Take Action Now to Protect Ocean Habitat

One of the principle goals of New England Ocean Odyssey has been to reveal the magnificence of New England’s ocean and to transform the way people think about and view this truly amazing environment. One of the most extraordinary places that we have featured as part of this effort is the highly productive, diverse, and dramatically beautiful Cashes Ledge. Tragically, despite these valuable and irreplaceable characteristics, Cashes Ledge is in danger of being opened to trawls, dredges, and other destructive fishing practices pursuant of a fisheries management proposal that would eliminate its currents protections—and ultimately do more harm than good to Cashes and other fragile ocean habitat in our region.

For more than ten years Cashes Ledge has been protected against the most damaging forms of fishing, such as bottom trawling and dredging. But the New England Fishery Management Council is now considering a proposal that would remove these protections. The proposal, known as the Omnibus Habitat Amendment (OHA), includes a range of alternatives for managing ocean habitat. One alternative would eliminate all the current protected areas that now provide fish a safe haven from damaging fish trawls and other harmful gear. Another alternative would reduce the amount of protected ocean in New England by as much as 70%. Among the many harmful alternatives being considered is one, preferred by the Council, that would expose more than 70% of the currently protected Cashes Ledge area to damaging bottom fishing. The Council has made a preliminary decision to move forward with this alternative that would eliminate protection for areas where the imperiled Atlantic cod obtains refuge to feed, spawn, and avoid predators–in spite of recommendations from its own technical staff and scientists to leave Cashes fully intact!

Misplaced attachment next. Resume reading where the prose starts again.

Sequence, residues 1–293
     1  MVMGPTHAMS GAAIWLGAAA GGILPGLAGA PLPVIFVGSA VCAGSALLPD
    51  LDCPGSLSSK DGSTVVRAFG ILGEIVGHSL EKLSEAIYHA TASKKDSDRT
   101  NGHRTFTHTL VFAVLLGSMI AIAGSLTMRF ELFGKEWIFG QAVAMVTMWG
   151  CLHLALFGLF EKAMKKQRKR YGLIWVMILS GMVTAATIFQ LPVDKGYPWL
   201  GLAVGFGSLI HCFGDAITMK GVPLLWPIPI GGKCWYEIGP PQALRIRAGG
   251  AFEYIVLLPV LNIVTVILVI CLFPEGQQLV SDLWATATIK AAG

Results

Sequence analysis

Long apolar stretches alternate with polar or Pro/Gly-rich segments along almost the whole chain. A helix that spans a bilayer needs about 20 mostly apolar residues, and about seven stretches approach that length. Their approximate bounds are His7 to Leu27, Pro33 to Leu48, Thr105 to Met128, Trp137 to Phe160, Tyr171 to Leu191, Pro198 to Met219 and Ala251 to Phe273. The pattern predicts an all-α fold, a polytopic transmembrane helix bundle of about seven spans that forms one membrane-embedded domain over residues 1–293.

This is not only contrary to the OHA’s habitat protection objective, but an overall bad sign for an ocean ecosystem already unable to sustain healthy populations of important species like Atlantic cod and flounder.

Now is your chance to tell the Council and NOAA that you won’t stand for this kind of mismanagement. You can submit written comments to these agencies here, as well as make a statement in person at public hearings that are currently taking place all over New England and in a few of the mid-Atlantic states. Your simple presence at these meetings would demonstrate to the Council the widespread support for keeping Cashes Ledge permanently closed to harmful fishing practices. As New England ocean-lovers, it is our responsibility to reveal to others the true beauty of our home waters, and show that New England’s ocean is a spectacular ecosystem that deserves to be protected.

Thank you for your continued support, and we hope to see you out there!